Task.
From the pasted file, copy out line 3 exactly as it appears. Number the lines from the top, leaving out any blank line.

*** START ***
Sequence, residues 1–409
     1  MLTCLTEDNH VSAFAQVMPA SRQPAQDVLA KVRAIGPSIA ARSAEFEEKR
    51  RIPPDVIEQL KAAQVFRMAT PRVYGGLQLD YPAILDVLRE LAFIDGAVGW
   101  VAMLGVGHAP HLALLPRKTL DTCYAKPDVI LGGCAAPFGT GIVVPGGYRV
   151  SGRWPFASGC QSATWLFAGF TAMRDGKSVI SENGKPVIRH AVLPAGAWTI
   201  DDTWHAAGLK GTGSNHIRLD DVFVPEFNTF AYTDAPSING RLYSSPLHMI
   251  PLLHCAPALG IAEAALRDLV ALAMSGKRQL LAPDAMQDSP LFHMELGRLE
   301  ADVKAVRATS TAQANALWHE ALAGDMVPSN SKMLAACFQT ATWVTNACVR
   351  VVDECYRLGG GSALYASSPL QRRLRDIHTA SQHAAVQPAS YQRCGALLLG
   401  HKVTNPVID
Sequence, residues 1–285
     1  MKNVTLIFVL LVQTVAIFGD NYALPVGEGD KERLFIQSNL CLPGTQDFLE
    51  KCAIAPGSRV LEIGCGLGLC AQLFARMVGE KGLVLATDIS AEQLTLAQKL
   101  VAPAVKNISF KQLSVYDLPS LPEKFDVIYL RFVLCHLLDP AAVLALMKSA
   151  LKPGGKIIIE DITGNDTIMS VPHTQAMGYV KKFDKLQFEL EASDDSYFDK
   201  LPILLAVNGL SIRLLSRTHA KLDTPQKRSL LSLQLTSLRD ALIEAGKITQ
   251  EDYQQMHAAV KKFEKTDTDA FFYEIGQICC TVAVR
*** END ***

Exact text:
    51  RIPPDVIEQL KAAQVFRMAT PRVYGGLQLD YPAILDVLRE LAFIDGAVGW